People I had never met thanked me, clearly the whitest around, for my support, although many were confused why I was there. Even further, one of the chants that was interspersed with the (clearly) more common, stereotypical “fall of the regime” stuff was my favorite, “Muslim, Christian, we are all Egyptian.” In a country that only weeks prior had been split along religious lines by the bombing of a new year’s service at a Coptic (Christian) Church, this show of solidarity proved to me that this was truly a revolution of Egyptians, regardless of any other identity one may have held.

I’ve shed many tears in the last few weeks. I cried because for several hours I thought my friend was among the over 300 people who were martyred fighting for freedom in Egypt alone. I cried looking though photo slideshows showing makeshift memorials of people I had never met. I also cried with happiness when I found out that Mubarak had finally stepped down after 18 days of protests because I am so inspired by what I have seen and been a part of that could not contain myself. While I could not be happier that no more people have to die for the Egyptian cause, thousands have been killed across the region fighting for similar freedoms, and I cry for them, too.

I understand that for many Americans the concept of revolution is a foreign one – why wouldn’t it be? For me, though, when I watch the news from half a world away, evacuated from the history I so wanted to be a part of, I feel that fire burning in my heart and I know that I have been forever changed by what I have been a part of.

Saturday, February 19, 2011

I'm trying to blog more

Ok, so today I got a new SIM card (chip) for my Blackberry (no plan, just regular talking and texting). Had more boring presentations, had lunch, more presentations, met in groups and got ice cream, got introduced to our teachers (tutores) for our mini-course, and then went out in groups with Chilean cultural ambassadors (university students who signed up to come show us around). My group got ice cream and got serenaded by a street performer.

Friday, February 18, 2011

Made it!

I made it to Chile. We had a long day of orientation yesterday and another today, but today's ended with meeting our families!! My sister came to get me, her name is Daniela, and my mother just got home from work a little while ago. and we have a cat. Named Blackberry. My room is cute/nice, I unpacked all my stuff and I'll probably take pictures soon. I think I'm going to like it here. Also, the whole Spanish thing isn't as difficult as I was expecting it to be =), hopefully I won't completely die in my lectures like I was thinking I would.

Tuesday, February 15, 2011

Ready, Set...

Alright, I'm almost finished packing. Except of course for all the things that have separated themselves from my possession in the last month. Including but not limited to my wallet (replaced), camera (upgraded), makeup (replaced-ish), toothbrush (replaced), laptop charger (replaced), bracelet (not really replaceable), watch (still hoping to find somewhere) and life in Cairo (might return to someday?). Now all I have to do is finish packing my carry-on, go to the doctor in the morning to make sure my toe isn't going to fall off, find stuff to do all day, and then get on a plane to Dallas at 5:50 and another to Santiago less than an hour after that lands. Not to tough, right? Except I can't picture myself moving to yet another country. I don't want to be on another plane tomorrow. it'll make planes number 9 and 10 of 2011. and it's only been a month and a half of the year. And 4 of those flights will have been 5+ hours long. To quote something I said earlier today that seemed to resonate well, "I just want to be in one place long enough to get my head screwed on straight."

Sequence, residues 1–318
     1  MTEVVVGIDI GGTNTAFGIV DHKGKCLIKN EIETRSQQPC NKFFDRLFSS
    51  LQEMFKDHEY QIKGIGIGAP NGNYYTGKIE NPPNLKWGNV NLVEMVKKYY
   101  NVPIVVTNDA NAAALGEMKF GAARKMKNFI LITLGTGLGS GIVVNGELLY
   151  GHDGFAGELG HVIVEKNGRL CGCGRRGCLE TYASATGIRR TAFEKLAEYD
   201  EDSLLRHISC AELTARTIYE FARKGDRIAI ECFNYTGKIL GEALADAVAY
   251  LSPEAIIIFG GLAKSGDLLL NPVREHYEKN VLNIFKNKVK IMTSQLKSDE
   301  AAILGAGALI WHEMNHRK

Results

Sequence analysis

Monday, February 14, 2011

New Blog

I might continue to post things here, as I get around to writing about my winter break and, y'know the revolution, but seeing as I am not longer in Egypt, Amanda In Egypt is being retired. I've created a new blog for my semester in Chile, which can be found here.


Well, I was planning on still being in Egypt this semester (You can see last semester's blog here), but it seems the Egyptian people finally decided that Mubarak needed to go, and apparently that means it's too unsafe for me to study there, according to Tulane. I'm not going to complain, because he did need to get out, and I could not be happier that the revolution succeeded and that I got to be a part of it, but I wish I hadn't had to leave.
So I've been home for a week and a half, and I jet off tomorrow to Chile. I'm kinda freaking out, because all of my classes will be in Spanish, and I haven't spoken much Spanish since lat year. Also, I feel like everyone else has been preparing for this a lot longer than the week I've had to prepare.